Sunday, August 26, 2012
Road Glide® Custom vs. Street Glide®. Which one is better? What are the differences? It’s about time you found out. These models are identical from the fuel tank back. Same seat height (26.1 in). Same Rake (26 deg). Same fuel capacity (6 gal). Same luggage capacity (2.26 cu ft). Same engine (Twin Cam 103™). Same fuel system (ESPFI). Same stock exhaust (Chrome, 2-1-2) and wheels (Black, Slotted 5-Spoke Cast Aluminum). Same price for a Vivid Black at MSRP ($19,499). The difference is found in the fairing. The Street Glide® has a Bat-Wing Fairing. Originally designed by Chief Styling Officer Willie G. Davidson, the fairing on the Street Glide® is fork-mounted and has symbolized American-made touring motorcycles for over forty years. The Road Glide® Custom, on the other hand, has what is called a Shark-Nose Fairing. This fairing is frame-mounted, a relatively new style for the Harley-Davidson® lineup. Fork-mounted vs. Frame-mounted. Bat-Wing vs. Shark Nose. What’s that mean when you are riding down the road? When you turn the handlebars of a Street Glide® the fairing turns with you. When you turn the handlebars of a Road Glide® Custom, the fairing stays straight. As you are riding down the road on the Street Glide®, the force of the wind is being transferred from the fairing, to the handlebars, up your arms and into your bike. You, as the rider, are feeling (and in some cases fighting) the force of the wind you encouter on the ride. This can lead to hand, arm and back fatigue earlier in the ride. As you are riding down the road on the Road Glide® Custom, the force of the wind is being transferred from the fairing, to the forks, to the frame of your bike. As a rider, you are left sitting on the bike, in complete control, enjoying the ride for as long as the road continues. Because of the difference in fairing designs, the Road Glide® Custom has dual headlights where the Street Glide® only has one. Because they are different models, they each have an array of paint options. Accessories for the two models, are typically interchangeable as long as they don’t conflict or compliment the different fairings. Some say that the Street Glide® is designed more for the jaunts around the city, whereas the Road Glide® Custom is better designed for the endless days of riding across country. We think where you ride and how you ride is not dictated by the bike, but by the rider. What this all comes down to is the feel of the ride. And the only real way to figure out your personal preference is to take these cold-blooded motorcycles out on the road for a spin. Today's post was a guest post from Gateway Harley-Davidson. See more articles on their blog at gatewayharley.blog.com and follow them @GatewayHarley.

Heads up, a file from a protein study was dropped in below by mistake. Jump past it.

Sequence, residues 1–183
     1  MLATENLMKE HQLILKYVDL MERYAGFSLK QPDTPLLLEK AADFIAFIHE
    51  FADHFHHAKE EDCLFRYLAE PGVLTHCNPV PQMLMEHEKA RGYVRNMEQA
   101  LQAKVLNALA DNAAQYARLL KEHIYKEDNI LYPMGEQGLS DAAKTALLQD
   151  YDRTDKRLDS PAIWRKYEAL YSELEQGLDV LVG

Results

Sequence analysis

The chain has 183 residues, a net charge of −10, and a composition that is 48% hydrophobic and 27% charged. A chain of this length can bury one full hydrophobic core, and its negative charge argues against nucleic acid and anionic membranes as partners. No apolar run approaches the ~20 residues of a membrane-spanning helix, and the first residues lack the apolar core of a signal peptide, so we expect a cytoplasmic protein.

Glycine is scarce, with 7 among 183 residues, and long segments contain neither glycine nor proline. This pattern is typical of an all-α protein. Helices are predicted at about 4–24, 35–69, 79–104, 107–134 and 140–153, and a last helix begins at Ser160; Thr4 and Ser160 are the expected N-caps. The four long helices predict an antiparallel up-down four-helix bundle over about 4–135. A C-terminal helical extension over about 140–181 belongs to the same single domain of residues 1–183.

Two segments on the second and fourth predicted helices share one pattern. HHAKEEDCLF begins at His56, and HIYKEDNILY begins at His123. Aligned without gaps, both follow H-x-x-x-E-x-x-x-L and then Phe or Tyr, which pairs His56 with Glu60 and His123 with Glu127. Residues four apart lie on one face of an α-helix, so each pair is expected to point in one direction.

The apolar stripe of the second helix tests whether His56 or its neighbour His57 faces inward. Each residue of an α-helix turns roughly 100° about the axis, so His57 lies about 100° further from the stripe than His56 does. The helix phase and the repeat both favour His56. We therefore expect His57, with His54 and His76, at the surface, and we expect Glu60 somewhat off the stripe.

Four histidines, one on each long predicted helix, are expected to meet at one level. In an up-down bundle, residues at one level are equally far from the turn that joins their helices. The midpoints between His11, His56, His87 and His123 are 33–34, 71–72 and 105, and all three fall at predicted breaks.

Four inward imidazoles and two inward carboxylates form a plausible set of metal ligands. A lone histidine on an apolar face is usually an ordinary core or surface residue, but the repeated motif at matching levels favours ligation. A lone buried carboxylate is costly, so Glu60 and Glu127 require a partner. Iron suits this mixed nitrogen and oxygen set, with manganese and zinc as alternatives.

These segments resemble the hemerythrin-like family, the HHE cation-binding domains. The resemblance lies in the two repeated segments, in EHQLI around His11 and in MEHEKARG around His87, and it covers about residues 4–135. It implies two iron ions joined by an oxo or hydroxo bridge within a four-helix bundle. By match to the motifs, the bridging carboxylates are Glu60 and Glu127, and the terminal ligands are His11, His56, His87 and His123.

Saturday, August 4, 2012
If you've ever been at a stoplight in the summertime with your window down, sitting by a motorcycle in the next lane, you've probably wondered why they are so loud. Now there are some sports cars and old jalopies that are loud too, but in general motorcycles are louder than cars. Well for one thing, motorcycle engines are exposed, not under a hood. But another reason is safety. Motorcycles are harder to see than cars or trucks, they have a smaller profile, taking up far less room in the driving lane. So if you can't see the motorcycle, maybe you can hear it. One of the most quoted statements at an accident scene involving a motorcycle is, "I didn't see it officer!". So while some motorcycles are louder than others depending on their size or style, the fact that motorcycles are louder than cars is a good thing. Now some local municipalities have ordinances against excessive noise, but most motorcycles, unless outfitted with after market pipes and accessories, will fall under these guidelines. I don't know about you, but I would rather pull up next to a motorcycle at a stoplight than a teenager with his stereo blasting any day! So look before you switch lanes. Check your rear-view and side mirrors and listen for a motorcycle. We're watching you too!